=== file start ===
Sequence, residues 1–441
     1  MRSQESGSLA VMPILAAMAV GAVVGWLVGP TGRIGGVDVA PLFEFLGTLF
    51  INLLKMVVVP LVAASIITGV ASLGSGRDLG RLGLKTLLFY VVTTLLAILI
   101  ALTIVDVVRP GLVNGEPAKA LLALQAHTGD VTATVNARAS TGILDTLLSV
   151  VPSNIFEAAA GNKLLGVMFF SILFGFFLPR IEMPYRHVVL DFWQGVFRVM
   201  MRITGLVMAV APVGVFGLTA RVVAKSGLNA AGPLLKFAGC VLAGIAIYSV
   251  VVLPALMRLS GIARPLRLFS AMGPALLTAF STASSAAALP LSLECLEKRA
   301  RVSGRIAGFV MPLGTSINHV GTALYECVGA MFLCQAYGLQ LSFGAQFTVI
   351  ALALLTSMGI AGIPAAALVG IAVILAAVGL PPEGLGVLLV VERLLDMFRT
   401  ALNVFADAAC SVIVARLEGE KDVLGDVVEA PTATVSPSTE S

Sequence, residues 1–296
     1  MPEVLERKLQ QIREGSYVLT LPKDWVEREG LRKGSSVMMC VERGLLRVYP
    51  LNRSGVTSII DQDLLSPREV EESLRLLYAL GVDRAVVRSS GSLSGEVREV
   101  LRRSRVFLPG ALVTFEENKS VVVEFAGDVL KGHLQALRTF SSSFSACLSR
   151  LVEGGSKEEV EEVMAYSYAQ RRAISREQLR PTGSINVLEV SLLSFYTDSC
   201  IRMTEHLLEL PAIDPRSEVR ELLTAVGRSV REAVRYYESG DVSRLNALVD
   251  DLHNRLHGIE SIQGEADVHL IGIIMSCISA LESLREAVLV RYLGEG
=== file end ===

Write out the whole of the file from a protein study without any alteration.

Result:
Sequence, residues 1–441
     1  MRSQESGSLA VMPILAAMAV GAVVGWLVGP TGRIGGVDVA PLFEFLGTLF
    51  INLLKMVVVP LVAASIITGV ASLGSGRDLG RLGLKTLLFY VVTTLLAILI
   101  ALTIVDVVRP GLVNGEPAKA LLALQAHTGD VTATVNARAS TGILDTLLSV
   151  VPSNIFEAAA GNKLLGVMFF SILFGFFLPR IEMPYRHVVL DFWQGVFRVM
   201  MRITGLVMAV APVGVFGLTA RVVAKSGLNA AGPLLKFAGC VLAGIAIYSV
   251  VVLPALMRLS GIARPLRLFS AMGPALLTAF STASSAAALP LSLECLEKRA
   301  RVSGRIAGFV MPLGTSINHV GTALYECVGA MFLCQAYGLQ LSFGAQFTVI
   351  ALALLTSMGI AGIPAAALVG IAVILAAVGL PPEGLGVLLV VERLLDMFRT
   401  ALNVFADAAC SVIVARLEGE KDVLGDVVEA PTATVSPSTE S

Sequence, residues 1–296
     1  MPEVLERKLQ QIREGSYVLT LPKDWVEREG LRKGSSVMMC VERGLLRVYP
    51  LNRSGVTSII DQDLLSPREV EESLRLLYAL GVDRAVVRSS GSLSGEVREV
   101  LRRSRVFLPG ALVTFEENKS VVVEFAGDVL KGHLQALRTF SSSFSACLSR
   151  LVEGGSKEEV EEVMAYSYAQ RRAISREQLR PTGSINVLEV SLLSFYTDSC
   201  IRMTEHLLEL PAIDPRSEVR ELLTAVGRSV REAVRYYESG DVSRLNALVD
   251  DLHNRLHGIE SIQGEADVHL IGIIMSCISA LESLREAVLV RYLGEG